|Matthew Henry's Concise Commentary|
29:15-30 During the month that Jacob spent as a guest, he was not idle. Wherever we are, it is good to employ ourselves in some useful business. Laban was desirous that Jacob should continue with him. Inferior relations must not be imposed upon; it is our duty to reward them. Jacob made known to Laban the affection he had for his daughter Rachel. And having no wordly goods with which to endow her, he promises seven years' service Love makes long and hard services short and easy; hence we read of the labour of love, Heb 6:10. If we know how to value the happiness of heaven, the sufferings of this present time will be as nothing to us. An age of work will be but as a few days to those that love God, and long for Christ's appearing. Jacob, who had imposed upon his father, is imposed upon by Laban, his father-in-law, by a like deception. Herein, how unrighteous soever Laban was, the Lord was righteous: see Jud 1:7. Even the righteous, if they take a false step, are sometimes thus recompensed in the earth. And many who are not, like Jacob, in their marriage, disappointed in person, soon find themselves, as much to their grief, disappointed in the character. The choice of that relation ought to be made with good advice and thought on both sides. There is reason to believe that Laban's excuse was not true. His way of settling the matter made bad worse. Jacob was drawn into the disquiet of multiplying wives. He could not refuse Rachel, for he had espoused her; still less could he refuse Leah. As yet there was no express command against marrying more than one wife. It was in the patriarchs a sin of ignorance; but it will not justify the like practice now, when God's will is plainly made known by the Divine law, Le 18:18, and more fully since, by our Saviour, that one man and woman only must be joined together, 1Co 7:2.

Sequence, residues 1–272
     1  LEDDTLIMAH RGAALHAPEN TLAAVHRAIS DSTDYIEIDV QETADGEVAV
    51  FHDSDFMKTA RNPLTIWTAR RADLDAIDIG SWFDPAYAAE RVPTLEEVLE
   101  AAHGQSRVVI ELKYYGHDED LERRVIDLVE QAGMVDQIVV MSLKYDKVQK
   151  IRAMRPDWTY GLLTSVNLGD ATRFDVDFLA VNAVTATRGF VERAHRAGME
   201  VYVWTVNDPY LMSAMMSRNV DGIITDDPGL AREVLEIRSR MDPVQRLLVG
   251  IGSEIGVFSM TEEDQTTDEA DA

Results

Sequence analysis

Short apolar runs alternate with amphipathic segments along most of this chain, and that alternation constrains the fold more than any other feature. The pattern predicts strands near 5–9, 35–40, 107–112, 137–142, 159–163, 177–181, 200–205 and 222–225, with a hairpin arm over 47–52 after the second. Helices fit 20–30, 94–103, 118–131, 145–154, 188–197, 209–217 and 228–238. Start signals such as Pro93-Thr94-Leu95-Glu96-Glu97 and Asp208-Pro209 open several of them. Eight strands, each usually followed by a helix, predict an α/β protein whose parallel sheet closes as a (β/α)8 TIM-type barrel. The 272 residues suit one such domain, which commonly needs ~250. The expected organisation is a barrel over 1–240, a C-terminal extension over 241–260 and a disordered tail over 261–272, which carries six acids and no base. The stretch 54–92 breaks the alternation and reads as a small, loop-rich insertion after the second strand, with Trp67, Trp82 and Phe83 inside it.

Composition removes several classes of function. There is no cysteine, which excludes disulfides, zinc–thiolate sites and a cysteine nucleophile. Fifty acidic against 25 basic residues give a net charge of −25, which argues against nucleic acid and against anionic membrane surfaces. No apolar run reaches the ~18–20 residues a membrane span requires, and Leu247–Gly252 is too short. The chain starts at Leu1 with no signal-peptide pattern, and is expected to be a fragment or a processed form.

Verse 22. - And Laban (unable to evade or delay the fulfillment of his agreement with Jacob) gathered together all the men of the place (not the entire population, but the principal inhabitants), and made a feast - a "mishteh, or drinking (cf. Genesis 19:3), i.e. a wedding banquet (cf. bride-ale - bridal), which commonly lasted seven days (Judges 14:10; Tobit 11:18), though it appears to have varied according to the circumstances of the bridegroom.
Gill's Exposition of the Entire Bible
And Laban gathered together all the men of the place,.... Of the city of Haran, which may be understood of the chief and principal of them, to make the marriage of his daughter public and authentic:
and made a feast; a marriage or marriage feast, as the Septuagint version, see Matthew 22:2; which was usual, when a marriage was solemnized, expressive of joy on that account.
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